Then, I marked the inside of the frame where I wanted each piece of metal ribbon to go. I actually pulled out a couple of pair of earrings, as well as a necklace to help me figure out where each of these pieces needed to go.

Attach Metal Ribbon to Frame

Once that was marked, I attached the metal ribbons to the inside of the frame with hot glue. 

Secure Backing Onto Frame

Then, when the glue on the backing had dried, I slid the backing into place. Using 1/2″ finishing nails, I nailed the backing to the frame all the way around.

And that was it!

Organize

The only thing left was to load it up with jewelry. I hung the earrings directly onto the metal ribbon. For the necklaces, though, I used mini S-hooks. I knew I would never have the patience to hook and unhook the necklace from the metal ribbon every single time. With the mini S-hooks, I can just lift the necklace off of the hook, and attach it on the go.I am loving the way this rustic jewelry organizer turned out, and I had the perfect spot in my closet for it. So, it’s all right at my fingertips.

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Have a question about this project?

3 questions
  • Kiply Prescott Clair
    Kiply Prescott Clair
    on Nov 10, 2020

    Very pretty.

    You see this kind of jewelry holder, but I have mostly post type earrings... any good ideas for those (I use an ice cube tray in a drawer)?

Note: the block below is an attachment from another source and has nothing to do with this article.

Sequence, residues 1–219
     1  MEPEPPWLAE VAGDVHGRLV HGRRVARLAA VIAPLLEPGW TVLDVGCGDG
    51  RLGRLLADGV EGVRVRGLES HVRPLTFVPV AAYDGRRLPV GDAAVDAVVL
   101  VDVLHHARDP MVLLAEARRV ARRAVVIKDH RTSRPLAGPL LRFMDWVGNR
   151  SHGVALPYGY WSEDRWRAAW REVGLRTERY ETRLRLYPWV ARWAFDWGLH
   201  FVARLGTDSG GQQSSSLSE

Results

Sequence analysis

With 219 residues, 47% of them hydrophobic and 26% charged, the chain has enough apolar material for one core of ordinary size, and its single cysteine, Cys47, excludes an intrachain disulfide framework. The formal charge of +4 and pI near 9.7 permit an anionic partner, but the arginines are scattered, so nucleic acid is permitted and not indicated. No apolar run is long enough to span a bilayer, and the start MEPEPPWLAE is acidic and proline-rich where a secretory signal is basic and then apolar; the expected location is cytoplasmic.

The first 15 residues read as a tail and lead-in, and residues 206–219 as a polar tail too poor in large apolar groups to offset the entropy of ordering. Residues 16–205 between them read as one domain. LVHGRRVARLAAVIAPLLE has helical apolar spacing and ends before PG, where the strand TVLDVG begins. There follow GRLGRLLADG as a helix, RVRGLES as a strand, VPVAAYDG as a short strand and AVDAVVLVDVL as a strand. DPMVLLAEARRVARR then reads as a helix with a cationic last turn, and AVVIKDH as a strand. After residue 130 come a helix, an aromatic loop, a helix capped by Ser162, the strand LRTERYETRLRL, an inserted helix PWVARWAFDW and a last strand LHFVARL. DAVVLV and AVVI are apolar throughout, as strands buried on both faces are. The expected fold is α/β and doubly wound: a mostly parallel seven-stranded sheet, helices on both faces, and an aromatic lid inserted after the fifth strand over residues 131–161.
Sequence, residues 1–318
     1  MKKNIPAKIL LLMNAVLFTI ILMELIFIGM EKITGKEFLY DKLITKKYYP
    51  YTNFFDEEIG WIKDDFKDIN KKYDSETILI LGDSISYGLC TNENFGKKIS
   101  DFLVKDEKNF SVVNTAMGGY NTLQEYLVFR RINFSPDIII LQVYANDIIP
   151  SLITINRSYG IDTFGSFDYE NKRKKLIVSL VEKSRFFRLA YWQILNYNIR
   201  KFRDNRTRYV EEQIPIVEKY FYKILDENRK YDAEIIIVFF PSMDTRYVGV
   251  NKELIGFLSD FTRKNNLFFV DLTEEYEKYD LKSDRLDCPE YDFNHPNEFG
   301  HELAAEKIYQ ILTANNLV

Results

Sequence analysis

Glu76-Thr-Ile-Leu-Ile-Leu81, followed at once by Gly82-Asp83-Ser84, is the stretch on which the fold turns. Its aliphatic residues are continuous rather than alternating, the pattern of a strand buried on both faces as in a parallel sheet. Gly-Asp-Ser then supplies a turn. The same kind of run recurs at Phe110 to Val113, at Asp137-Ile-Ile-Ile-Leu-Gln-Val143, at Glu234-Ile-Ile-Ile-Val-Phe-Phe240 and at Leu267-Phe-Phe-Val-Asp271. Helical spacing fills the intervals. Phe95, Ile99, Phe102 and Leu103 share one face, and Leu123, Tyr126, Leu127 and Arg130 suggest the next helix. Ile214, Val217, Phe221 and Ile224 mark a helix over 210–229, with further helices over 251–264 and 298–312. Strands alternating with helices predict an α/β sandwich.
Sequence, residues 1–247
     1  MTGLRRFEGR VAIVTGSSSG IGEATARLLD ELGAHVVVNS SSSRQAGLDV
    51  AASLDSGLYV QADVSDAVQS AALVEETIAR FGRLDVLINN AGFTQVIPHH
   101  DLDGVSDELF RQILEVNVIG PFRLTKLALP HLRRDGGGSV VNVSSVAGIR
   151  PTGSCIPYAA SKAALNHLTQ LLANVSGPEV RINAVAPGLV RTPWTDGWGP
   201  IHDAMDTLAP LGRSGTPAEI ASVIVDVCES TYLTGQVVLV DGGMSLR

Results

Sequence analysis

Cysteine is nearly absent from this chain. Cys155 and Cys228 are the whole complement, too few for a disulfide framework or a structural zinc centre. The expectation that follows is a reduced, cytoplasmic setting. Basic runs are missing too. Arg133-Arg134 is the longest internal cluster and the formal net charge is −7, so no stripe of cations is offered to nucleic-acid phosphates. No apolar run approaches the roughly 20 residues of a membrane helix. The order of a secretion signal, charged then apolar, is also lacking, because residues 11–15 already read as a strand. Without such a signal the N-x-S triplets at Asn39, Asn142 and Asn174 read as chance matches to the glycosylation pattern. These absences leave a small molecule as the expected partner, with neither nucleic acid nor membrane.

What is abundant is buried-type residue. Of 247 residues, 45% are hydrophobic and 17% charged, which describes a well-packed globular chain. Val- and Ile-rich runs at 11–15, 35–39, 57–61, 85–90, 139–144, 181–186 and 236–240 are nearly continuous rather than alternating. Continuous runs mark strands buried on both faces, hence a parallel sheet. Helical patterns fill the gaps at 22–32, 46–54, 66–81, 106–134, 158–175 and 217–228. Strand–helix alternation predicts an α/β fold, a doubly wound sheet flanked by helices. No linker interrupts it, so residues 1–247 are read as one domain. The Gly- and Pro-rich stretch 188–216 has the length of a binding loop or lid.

• Kiply Prescott Clair
      Kiply Prescott Clair
      on Nov 11, 2020

      Ooo- great idea! I wonder if you could take photo of it and then pull it to your search engine, so it looks for images similar to that?

  • Chabella
    Chabella
    on Nov 10, 2020

    @Kipley. That is exactly my question! What do you do with the studs? Are the holes in the metal tape small/large enough to just poke them through?

    The other idea I had was to layer strips of screen on top of the fabric (maybe under the metal tape? Or instead of the tape?) IDK. I’ve been puzzling over this for years!

    And bracelets?


    Thanks! Any comments will be appreciated!

    • Connie
      Connie
      on Nov 14, 2020

      I saw a suggestion by a jewelry seller of using paint rollers. Since most are paper, I'm sure it would be easy to attach to an old candle holder like a goal post.

  • Belva Cunningham
    Belva Cunningham
    on Nov 10, 2020

    I'm curious why you used such a busy patterned fabric and not a solid color. I can't see the jewelry pieces in the busy-ness of the fabric.

    • I'm sorry I am just now seeing this. And it's not a bad question! Having never made one of these before, I didn't really consider how the jewelry would look against the fabric backing. I chose the fabric because it matches my overall style and decor, but you're right in that the jewelry doesn't really pop against it. If I were to make another one, I might choose different fabric. It's functional, though, and it matches my overall vibe. :)